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Iran warns European troops in Middle East 'may be in danger'

FILE PHOTO: n this photo released by official website of the Office of the Iranian Presidency, President Hassan Rouhani speaks in a meeting in Tehran, Iran, Tuesday, Jan. 14,
FILE PHOTO: n this photo released by official website of the Office of the Iranian Presidency, President Hassan Rouhani speaks in a meeting in Tehran, Iran, Tuesday, Jan. 14, Copyright Iranian Presidency Office via AP
Copyright Iranian Presidency Office via AP
By Euronews with AFP, AP
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Britain, France and Germany have triggered the accord's dispute mechanism to force Iran into discussions. The process could bring back UN and EU sanctions on Iran.


Iran's president warned on Wednesday that European soldiers deployed in the Mideast ''may be in danger'' after Britain, France and Germany triggered the dispute resolution mechanism of the 2015 nuclear deal.

It marks the first time Rouhani has threatened Europe amid tensions with the US, which unilaterally withdrew from the deal in 2018 under President Donald Trump.

The three EU countries on Tuesday launched a process charging Iran with failing to observe the terms of the 2015 deal curtailing its nuclear programme, a move that sparked anger from Tehran.

Russia also condemned the European move, warning it risked causing a "new escalation".

Dispute resolution mechanism

Britain, France and Germany insisted they remained committed to the agreement, which has already been severely tested by the US exit from the accord.

But even as their statement was released, British Prime Minister Boris Johnson indicated he might prefer a comprehensive accord negotiated with US President Donald Trump instead of the 2015 deal.

The decision to begin the so-called dispute mechanism process comes as tensions soar between the West and Iran following the killing of top commander Qassem Soleimani in a US strike, and the admission by Tehran days later that it had accidentally shot down a Ukrainian airliner.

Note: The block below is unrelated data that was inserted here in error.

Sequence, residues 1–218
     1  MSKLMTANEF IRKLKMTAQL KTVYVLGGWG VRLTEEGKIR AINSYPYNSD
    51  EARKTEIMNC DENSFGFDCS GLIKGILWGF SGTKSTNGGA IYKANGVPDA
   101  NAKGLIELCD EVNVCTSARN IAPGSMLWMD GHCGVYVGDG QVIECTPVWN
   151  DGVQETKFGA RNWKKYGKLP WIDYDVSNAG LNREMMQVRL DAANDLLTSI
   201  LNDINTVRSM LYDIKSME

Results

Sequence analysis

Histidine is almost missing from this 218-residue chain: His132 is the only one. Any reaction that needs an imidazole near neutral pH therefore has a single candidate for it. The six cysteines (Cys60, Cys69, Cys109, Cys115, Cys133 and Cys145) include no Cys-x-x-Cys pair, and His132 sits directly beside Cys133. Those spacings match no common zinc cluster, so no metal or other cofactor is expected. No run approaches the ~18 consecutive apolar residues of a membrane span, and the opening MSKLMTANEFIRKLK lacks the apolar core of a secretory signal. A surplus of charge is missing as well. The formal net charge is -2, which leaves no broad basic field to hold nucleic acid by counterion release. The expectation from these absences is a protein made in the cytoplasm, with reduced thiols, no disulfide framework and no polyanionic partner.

The foreign ministers of the three European nations said Iran had been progressively scaling back its commitments under the deal since May last year.

"We have therefore been left with no choice, given Iran's actions," to begin the dispute process, their statement said.

In Moscow, the Russian foreign ministry said it saw "no reason for such a move".

"We do not rule out that the thoughtless actions of the Europeans could lead to a new escalation around the Iranian nuclear accord," it said in a statement.

'Accept the consequences'

The 2015 nuclear deal signed in Vienna -- known as The Joint Comprehensive Plan of Action (JCPoA) -- has a provision that allows a party to claim significant non-compliance by another party before a joint commission.

If the issue is not resolved by the commission, it then goes to an advisory board and eventually to the UN Security Council, which could reimpose sanctions.

The first meeting of the process -- set to include the European nations, Iran and the other parties to the deal, China and Russia -- would take place in Austria by the end of the month, a diplomatic source told AFP in Vienna.